Is Dairy Bad For You?

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The latest science There’s a lot to recommend milk, cheese and other dairy products – if your body can handle them. In populations where milk consumption’s been historically high (that’s most of Northern Europe) lactose intolerance is rare, and if tossing a half-pint into your whey doesn’t produce any side effects, it’s probably worth doing. You’ll benefit from a host of nutrients and amino acids.

If you are intolerant, it can be tougher, but there are options. The fermented milk drink kefir, probably available in your local corner shop, gives you the same nutrients alongside probiotic benefits for the gut. In fact, the only thing you won’t get from a glug of the white stuff is the one you’ve probably been told about the most: recent study reviews suggest that milk doesn’t actually help to maintain calcium levels in bones or reduce the risk of fracturing them. Still, you can skip the food intolerance testing – if you feel good on dairy, stick with it.

The expert take “Dairy products are often avoided due to the fear of saturated fat, but they’re so nutrient-dense that it makes sense to include them in your diet in moderation,” says James Rutherford, a nutritionist and Bio-Synergy ambassador. “Dairy products are excellent sources of calcium and vitamins, which support muscle function. Potassium, magnesium, vitamin A and a host of B vitamins – crucial for energy metabolism – are also provided through dairy sources, before you even mention that they are a great source of protein. Dairy foods such as yogurt that contain bio-active live cultures provide probiotics that enhances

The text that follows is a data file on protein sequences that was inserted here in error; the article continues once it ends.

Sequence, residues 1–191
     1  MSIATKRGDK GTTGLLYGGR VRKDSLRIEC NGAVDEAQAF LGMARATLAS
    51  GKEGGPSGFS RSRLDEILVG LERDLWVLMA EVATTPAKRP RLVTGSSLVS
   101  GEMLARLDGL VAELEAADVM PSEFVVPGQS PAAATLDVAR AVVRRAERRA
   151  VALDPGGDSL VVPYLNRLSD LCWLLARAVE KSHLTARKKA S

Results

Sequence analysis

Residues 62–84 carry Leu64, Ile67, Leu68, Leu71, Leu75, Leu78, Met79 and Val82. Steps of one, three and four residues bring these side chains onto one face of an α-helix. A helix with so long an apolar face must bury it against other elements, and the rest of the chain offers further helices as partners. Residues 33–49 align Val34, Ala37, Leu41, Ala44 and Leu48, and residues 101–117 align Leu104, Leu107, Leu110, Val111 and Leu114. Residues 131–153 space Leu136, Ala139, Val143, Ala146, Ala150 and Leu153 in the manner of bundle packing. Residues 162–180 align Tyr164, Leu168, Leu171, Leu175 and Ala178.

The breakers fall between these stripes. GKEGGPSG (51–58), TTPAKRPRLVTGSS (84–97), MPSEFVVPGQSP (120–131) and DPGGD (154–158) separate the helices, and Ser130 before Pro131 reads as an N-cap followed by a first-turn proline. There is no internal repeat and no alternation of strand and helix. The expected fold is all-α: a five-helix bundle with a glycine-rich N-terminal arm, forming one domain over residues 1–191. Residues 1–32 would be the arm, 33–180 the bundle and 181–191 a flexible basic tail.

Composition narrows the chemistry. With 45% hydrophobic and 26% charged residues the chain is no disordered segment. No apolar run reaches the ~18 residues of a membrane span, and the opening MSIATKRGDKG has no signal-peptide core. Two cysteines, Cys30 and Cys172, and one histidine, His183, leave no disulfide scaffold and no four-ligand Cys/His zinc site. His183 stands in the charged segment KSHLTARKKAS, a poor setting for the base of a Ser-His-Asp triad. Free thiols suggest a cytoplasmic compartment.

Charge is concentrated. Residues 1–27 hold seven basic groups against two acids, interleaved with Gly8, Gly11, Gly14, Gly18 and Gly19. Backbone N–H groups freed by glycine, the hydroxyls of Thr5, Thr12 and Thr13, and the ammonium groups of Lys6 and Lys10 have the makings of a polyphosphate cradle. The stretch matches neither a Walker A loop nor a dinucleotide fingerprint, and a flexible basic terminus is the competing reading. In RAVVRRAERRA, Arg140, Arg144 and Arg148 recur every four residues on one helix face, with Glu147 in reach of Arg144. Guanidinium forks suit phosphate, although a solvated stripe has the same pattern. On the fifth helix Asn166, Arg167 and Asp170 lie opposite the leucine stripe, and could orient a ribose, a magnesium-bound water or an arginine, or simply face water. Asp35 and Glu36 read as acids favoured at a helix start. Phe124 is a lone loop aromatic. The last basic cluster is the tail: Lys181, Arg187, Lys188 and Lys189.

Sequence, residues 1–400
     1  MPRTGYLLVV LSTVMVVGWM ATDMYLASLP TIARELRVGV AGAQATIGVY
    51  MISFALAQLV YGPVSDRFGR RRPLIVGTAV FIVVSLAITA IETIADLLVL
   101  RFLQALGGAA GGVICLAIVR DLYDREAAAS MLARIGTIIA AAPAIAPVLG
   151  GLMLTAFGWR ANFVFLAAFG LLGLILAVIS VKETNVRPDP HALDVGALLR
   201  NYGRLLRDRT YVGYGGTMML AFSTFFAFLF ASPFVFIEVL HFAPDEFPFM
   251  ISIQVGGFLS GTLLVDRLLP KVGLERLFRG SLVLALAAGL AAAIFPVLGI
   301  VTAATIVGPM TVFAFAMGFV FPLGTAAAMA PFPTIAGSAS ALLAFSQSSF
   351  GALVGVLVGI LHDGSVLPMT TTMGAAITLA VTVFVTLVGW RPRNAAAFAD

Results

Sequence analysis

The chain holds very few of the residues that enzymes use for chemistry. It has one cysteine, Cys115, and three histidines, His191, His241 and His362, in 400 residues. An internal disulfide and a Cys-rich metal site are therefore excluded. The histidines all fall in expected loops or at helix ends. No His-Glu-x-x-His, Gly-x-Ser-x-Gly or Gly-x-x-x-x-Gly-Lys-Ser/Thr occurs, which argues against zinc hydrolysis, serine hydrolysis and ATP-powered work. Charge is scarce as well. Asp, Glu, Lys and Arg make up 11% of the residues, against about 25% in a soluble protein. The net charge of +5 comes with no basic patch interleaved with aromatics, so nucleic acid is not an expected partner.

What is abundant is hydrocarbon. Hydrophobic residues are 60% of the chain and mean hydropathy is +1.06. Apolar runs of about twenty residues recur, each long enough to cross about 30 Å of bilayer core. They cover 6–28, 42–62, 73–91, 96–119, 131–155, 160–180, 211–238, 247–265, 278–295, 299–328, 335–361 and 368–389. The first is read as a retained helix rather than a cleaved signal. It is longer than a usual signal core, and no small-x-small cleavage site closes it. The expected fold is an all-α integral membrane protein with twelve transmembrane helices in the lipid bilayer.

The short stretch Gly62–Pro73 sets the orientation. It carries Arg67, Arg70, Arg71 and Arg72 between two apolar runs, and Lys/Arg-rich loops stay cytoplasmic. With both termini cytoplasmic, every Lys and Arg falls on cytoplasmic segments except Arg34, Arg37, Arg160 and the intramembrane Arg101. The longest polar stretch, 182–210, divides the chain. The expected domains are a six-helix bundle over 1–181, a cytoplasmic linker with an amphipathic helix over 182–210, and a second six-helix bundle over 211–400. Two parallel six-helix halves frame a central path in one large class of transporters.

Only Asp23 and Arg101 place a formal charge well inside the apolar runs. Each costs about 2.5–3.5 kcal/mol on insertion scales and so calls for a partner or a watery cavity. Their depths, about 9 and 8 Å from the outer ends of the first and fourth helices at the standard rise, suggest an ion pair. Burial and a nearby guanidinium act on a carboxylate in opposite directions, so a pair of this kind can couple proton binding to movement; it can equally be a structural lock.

Do eat French cheeses – think Comté, Reblochon and Beaufort – which studies suggest can help maintain the diversity of your gut microbiome, thanks to their diverse populations of microbes. Greek yogurt, too – it’s high in vitamin B12 and calcium, and packs 10g of protein per 100g.

Don’t eat Processed cheese, which is boiled and treated with emulsifiers so it can be kept for longer via added preservatives, and fat-free fat yogurt, which typically adds sugar or artificial sweeteners to make up for its taste deficiencies.

Joel Snape

From 2008 to 2018, Joel worked for Men's Fitness, which predated, and then shared a website with, Coach. Though he spent years running the hills of Bath, he’s since ditched his trainers for a succession of Converse high-tops, since they’re better suited to his love of pulling vans, lifting cars, and hefting logs in a succession of strongman competitions.